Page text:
Share your blessings in charity During Ramadan, Muslims strive to become better persons – they stay away from vices and give more to the less fortunate. This is the month when giving back and sharing blessings with the needy are highlighted. In the UAE, there are a number of organizations that offer charity campaigns wherein the public can participate. You may find boxes for donations of books, clothing, shoes and toys in the leading malls in Dubai. You may drop off to the Red Crescent booths situated in the shopping malls for your cash donations. Or, you can help out in serving iftar in orphanages and hospitals. You may visit the web for more information on the various organizations or stay tuned for news releases in daily papers. Nonetheless, in everything that you do it must be insightful of the generosity that is an inherent character of Islam.
Learn your Arabic Ahlan wahsalan. Inshallah. Shuhada. These are some of the most common Arabic words that Pinoys hear on daily basis. Other than these famous words, most of the Filipinos that are based in the UAE are not conversant in the Arabic language. But, in living in this Middle Eastern land, it must be essential to get a better grip of the language, right? Studying the language is not only important for social purposes but equally relevant in landing better work opportunities. Arabic is going to be handy requirement for a lot of professions and in most occasions here in the UAE. Crash courses are available in several schools and institutes including Berlitz UAE, Alliance Francaise, Gulf Arabic Programme, Eton Educational Institute, The Mother Tongue Center, to name a few. For a period of three weeks of study, you may communicate with your basic Arabic in reading, conversing and writing. For those who do not have spare time to learn from in school, try accessing online courses – they are also quite effective.
Discover the Heritage Village Aside from getting to know Islam, it is also recommended to take a look at the customs that bind this Emirati nation. To get a glimpse of the old Dubai, you can take a ride to the Heritage Village. Located near the Al Shindagha tunnel, the Dubai Heritage Village has been created where potters and weavers display their crafts. Here the visitor can look back in time and experience some of Dubai’s heritage. The village, that is located at the mouth of Dubai Creek, features a reconstruction of Dubai’s maritime past. Displays include a tented bedouin village with traditional weapons, chests and household utensils. Shops sell handicrafts and camel and donkey rides are sometimes available. Folk dance and music performances are staged from time to time. The village boasts a number of cafeterias and a seafood restaurant. The Heritage Village recreates a Bedouin settlement, complete with homes made from barasti (dried palm leaves tied together) and mud. You can also enjoy pottery and weaving workshops as well as visiting a traditional coffee house. There is a small souk that sells a mixture of traditional Bedouin handcrafts and imported items. In here, you can truly appreciate the Emirati tradition at the most celebrated time of the year, Ramadan.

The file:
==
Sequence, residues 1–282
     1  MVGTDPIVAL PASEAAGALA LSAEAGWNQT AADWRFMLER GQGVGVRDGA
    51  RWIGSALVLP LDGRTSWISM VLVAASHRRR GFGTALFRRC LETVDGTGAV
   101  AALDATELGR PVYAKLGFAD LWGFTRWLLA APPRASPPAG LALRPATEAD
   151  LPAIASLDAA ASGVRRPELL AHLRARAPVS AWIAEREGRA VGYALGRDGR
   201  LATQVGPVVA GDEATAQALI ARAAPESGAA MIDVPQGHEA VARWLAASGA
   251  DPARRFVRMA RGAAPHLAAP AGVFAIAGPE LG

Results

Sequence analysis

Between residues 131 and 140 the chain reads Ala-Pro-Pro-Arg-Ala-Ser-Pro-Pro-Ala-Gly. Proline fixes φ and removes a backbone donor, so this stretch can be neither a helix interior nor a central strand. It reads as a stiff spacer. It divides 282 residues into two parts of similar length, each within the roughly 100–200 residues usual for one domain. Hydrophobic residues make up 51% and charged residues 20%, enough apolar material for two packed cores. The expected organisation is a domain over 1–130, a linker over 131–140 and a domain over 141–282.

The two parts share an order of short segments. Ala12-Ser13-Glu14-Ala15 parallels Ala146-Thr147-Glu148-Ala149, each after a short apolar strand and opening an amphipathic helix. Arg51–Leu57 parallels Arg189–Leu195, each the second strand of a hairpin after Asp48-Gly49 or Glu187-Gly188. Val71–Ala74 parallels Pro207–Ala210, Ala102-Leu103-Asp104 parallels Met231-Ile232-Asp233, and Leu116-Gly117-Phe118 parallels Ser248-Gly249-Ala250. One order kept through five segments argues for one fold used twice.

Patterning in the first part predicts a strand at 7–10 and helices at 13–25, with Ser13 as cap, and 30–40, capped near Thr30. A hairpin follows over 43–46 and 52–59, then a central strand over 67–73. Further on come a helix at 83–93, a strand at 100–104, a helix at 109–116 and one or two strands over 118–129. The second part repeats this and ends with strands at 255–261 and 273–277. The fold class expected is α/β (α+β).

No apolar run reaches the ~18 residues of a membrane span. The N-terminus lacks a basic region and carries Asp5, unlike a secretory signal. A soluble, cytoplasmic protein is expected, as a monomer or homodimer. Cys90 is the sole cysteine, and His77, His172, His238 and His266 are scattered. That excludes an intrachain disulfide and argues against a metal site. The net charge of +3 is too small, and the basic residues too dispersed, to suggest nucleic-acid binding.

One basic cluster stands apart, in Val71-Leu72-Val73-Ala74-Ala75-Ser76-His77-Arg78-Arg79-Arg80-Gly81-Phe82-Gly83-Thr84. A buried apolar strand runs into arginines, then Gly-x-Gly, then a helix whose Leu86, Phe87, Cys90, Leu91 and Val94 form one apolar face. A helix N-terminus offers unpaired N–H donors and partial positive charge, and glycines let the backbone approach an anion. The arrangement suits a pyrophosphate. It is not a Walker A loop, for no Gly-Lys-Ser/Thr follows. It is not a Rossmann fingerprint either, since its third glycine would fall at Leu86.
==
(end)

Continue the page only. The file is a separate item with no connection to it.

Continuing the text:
62 BAKASYON GRANDE
Text by Vic Lactaoen • Photos by Robert Altamirano
“Hindi ba delikado dun kuya?(Isn’t it safe there sir?) my trusted and loyal housemate asked when he learned I would be traveling to Malaybalay in Mindanao. I guess the situation is similar to foreigners who have never been to the Philippines and have nothing to base their impression on but what they see on CNN. I wasn’t too worried though. Anything can happen anywhere if it is meant. I have to admit that I knew very little about the province. Save for its mountainous terrain and endless trees, the guidebooks and the internet travel websites didn’t say much about this only landlocked 8.294 square meter province in the heartland of Mindanao. Together with my photographer, Robert we flew in to Cagayan de Oro for Bukidnon for a three - day tour of wandering, sightseeing and unguided bliss. Cagayan De Oro City is your entry point by air to reach Malaybalay City, Bukidnon’s capital and one of two cities that the province has. There are no direct flights to Bukidnon, but the province has several private airstrips used by agricultural and corporate planes. It is about two hours’ drive from Cagayan de Oro Airport. Upon arrival to Malaybalay, we were met by our guide and host representative, Ruth and Juliet, two “motherly” women who saw to it that the visit wouldn’t have any glitches along the way. Seeing Bukidnon for the fifth time still strikes me as a pleasant surprise to say the least. The place is still quiet, peaceful - a definite break from stressful Manila. People looking for activity and action may be a bit disappointed but it was the perfect place for me for a few days. Seeing green mountains (with more of Benguet pine trees, actually!) was relaxing enough. And there are quite a few monasteries there which we noticed as we drove along the many municipalities we visited. But